CARACAS—Venezuelans on Sunday began voting for a constitutional super-body expected to hand sweeping new powers to ruling Socialist Party officials and potentially extend their unpopular rule.
President Nicolas Maduro, widely disliked for overseeing an unraveling of the economy, has promised the assembly will restore peace after four months of opposition protests during which more than 115 people have been killed.
Maduro, who has been heckled at recent public outings, cast his vote around 6 a.m. on Sunday with little fanfare.
Opposition parties are boycotting what they call a rigged election while their sympathizers plan demonstrations across the country during the day—raising the prospect of violent clashes with security forces.
Critics say the assembly will allow Maduro to dissolve the opposition-run Congress, delay future elections and rewrite electoral rules to prevent the socialists from being voted out.
The vote, which follows the postponement of regional elections and Maduro’s repeated refusal to heed decisions by Congress, has brought global condemnation.
The United States, which is the largest market for OPEC member Venezuela’s oil, last week sanctioned 13 Socialist Party leaders, in part as a response to the election. President Donald Trump’s administration has vowed additional economic measures if the vote takes place.
Neighboring Colombia says it will not recognize the results. “By tomorrow, it will be clear that this was not just a constitutional fraud but also the biggest historical mistake that Maduro and his gang could have made,” opposition leader Freddy Guevara told a news conference on Saturday.
Maduro says he is the victim of right-wing governments around the world and blames the country’s economic malaise—from food and medicine shortages to triple-digit inflation—on an “economic war” by his adversaries.
He says opposition protests have been driven by vandalism and arbitrary violence that will not be brought to an end without the constitutional assembly.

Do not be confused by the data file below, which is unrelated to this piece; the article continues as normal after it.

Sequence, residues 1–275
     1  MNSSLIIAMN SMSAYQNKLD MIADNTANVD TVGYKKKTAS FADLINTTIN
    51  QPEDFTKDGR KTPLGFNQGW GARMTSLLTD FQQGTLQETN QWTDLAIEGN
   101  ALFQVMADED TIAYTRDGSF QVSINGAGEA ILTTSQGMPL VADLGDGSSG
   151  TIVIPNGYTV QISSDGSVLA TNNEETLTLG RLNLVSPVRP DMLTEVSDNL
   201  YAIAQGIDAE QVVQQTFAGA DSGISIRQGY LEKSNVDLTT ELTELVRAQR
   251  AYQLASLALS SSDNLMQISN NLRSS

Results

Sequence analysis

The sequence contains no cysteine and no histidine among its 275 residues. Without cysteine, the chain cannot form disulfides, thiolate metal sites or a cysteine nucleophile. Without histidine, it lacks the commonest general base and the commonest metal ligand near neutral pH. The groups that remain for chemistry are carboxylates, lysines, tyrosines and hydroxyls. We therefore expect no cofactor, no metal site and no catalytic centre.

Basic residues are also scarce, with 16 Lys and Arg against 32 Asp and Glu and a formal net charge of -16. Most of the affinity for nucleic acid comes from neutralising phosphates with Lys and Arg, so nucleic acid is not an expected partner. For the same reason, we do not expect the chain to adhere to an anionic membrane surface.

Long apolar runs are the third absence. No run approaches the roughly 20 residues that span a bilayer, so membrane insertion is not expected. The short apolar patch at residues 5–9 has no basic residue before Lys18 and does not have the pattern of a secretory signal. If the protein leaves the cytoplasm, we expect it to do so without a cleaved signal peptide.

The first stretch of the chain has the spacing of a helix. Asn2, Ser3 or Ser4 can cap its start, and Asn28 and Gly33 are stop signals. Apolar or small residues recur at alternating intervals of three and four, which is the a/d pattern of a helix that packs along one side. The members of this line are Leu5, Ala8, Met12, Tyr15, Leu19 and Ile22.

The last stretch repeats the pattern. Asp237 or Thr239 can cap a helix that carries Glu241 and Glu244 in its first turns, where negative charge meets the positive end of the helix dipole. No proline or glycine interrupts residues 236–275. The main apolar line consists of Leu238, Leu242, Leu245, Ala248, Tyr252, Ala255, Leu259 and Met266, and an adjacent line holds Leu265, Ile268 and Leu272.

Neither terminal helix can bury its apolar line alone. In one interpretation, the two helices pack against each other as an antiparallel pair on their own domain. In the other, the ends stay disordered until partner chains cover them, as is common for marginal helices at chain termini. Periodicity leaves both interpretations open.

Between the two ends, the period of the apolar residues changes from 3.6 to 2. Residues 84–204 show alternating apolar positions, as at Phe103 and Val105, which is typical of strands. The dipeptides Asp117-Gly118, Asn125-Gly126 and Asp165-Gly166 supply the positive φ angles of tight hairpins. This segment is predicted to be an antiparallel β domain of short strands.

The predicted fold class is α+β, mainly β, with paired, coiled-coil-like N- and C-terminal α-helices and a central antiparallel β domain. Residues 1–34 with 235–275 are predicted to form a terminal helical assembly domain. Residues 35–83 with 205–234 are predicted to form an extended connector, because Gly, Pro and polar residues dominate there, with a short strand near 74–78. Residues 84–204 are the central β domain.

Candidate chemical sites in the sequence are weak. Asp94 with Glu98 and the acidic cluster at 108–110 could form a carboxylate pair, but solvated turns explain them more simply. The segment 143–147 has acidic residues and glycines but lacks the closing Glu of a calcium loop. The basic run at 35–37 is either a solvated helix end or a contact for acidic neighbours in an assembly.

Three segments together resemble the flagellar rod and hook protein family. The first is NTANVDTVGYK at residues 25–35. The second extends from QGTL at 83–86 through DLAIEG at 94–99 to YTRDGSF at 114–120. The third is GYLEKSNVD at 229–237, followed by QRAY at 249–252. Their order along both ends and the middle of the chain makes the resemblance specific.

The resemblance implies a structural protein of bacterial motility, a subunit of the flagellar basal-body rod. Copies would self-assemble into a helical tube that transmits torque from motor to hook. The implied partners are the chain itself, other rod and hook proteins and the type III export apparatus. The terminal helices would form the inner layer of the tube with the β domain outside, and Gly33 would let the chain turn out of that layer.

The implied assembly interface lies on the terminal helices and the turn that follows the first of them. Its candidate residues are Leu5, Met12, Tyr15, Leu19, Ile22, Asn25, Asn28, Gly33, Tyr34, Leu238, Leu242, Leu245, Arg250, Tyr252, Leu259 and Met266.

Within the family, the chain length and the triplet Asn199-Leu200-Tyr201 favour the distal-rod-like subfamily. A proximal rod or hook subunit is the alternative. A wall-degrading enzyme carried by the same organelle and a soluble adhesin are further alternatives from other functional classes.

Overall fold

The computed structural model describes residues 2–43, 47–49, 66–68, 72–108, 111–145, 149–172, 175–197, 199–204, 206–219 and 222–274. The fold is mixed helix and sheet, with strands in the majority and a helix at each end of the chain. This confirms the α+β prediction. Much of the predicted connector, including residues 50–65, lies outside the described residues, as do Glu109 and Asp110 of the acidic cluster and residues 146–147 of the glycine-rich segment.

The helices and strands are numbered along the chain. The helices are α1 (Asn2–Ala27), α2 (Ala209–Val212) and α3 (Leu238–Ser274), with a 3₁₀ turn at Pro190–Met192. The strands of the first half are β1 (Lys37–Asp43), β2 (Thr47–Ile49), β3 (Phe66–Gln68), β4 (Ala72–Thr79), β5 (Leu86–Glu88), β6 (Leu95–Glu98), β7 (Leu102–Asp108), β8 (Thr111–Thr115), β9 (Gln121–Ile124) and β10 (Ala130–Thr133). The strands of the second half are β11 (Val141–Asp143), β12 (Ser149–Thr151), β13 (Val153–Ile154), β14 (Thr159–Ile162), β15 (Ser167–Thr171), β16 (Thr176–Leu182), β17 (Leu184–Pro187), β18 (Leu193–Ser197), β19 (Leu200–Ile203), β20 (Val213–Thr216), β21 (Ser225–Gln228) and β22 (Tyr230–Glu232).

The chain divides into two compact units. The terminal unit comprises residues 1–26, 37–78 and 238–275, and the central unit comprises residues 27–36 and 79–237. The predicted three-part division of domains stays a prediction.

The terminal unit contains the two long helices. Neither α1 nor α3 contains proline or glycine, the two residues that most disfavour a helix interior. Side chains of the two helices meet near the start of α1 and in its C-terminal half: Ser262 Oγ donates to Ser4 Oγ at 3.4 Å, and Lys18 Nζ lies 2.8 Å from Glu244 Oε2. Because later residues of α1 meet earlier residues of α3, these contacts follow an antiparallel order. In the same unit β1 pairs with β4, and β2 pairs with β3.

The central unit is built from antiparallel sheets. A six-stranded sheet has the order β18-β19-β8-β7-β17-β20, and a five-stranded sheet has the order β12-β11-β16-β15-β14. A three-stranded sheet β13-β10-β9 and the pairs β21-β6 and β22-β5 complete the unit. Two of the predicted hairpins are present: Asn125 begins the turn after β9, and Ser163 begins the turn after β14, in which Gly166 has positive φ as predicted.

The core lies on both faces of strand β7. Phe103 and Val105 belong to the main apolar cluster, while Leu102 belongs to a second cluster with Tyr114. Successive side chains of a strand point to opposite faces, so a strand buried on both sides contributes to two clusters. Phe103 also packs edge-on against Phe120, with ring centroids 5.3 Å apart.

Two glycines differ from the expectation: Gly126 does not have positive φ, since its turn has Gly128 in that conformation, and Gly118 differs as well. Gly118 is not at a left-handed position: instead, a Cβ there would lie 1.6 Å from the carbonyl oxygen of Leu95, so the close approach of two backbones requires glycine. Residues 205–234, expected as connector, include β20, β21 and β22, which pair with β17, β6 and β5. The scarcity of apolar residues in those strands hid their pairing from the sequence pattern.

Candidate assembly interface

Voters on Sunday will not be asked whether they wish to proceed with the assembly, only to select its 545 members from more than 6,100 candidates representing a broad array of Socialist Party allies.
Polls suggest a large majority of Venezuelans oppose the assembly. The opposition says that more than 7 million voters—from a population of around 32 million—overwhelmingly rejected Maduro’s proposal in an unofficial referendum it organized this month.
Some government adversaries are seeking to block the ballot.
In the western state of Tachira, a group of several hundred people on Saturday burned voting machines that had been set up in two schools.
Around 50 voting centers in that state will not be in operation because demonstrators destroyed voting materials or prevented them from being set up in the first place, according to an opposition representative.
Local media reported three deaths in the Andean region of the country in overnight violence though Reuters was unable to immediately confirm them.
The new, all-powerful assembly is due to sit within 72 hours of results being officially certified. Government leaders have suggested it will swiftly take measures against chief prosecutor Luisa Ortega, who has openly criticized the assembly vote, as well as the opposition congress.
“With the constitutional assembly we’re going to end the sabotage of the bourgeois (Congress),” Socialist Party No. 2 Diosdado Cabello said during a campaign rally.
A significant portion of the assembly’s seats are expected to go to well-known party leaders such as Cabello and Maduro’s wife and son.
Two-thirds of the seats will be chosen by municipality, which critics say overrepresents traditionally pro-government rural areas at the expense of opposition-dominated cities.
The rural state of Falcon will elect 26 delegates, compared with seven for the municipality of Caracas, which has twice the population.
The remaining third of the seats are set aside for candidates from specific demographic groups, ranging from students to fishermen and farmers.
Amid government fears of low turnout, Venezuela’s 2.8 million public employees are under pressure to participate.
Venezuela last rewrote its constitution in 1999 under late socialist leader Hugo Chavez, strengthening the executive and enshrining rights to healthcare and education. But unlike Maduro, Chavez first won voter approval for the idea via a referendum.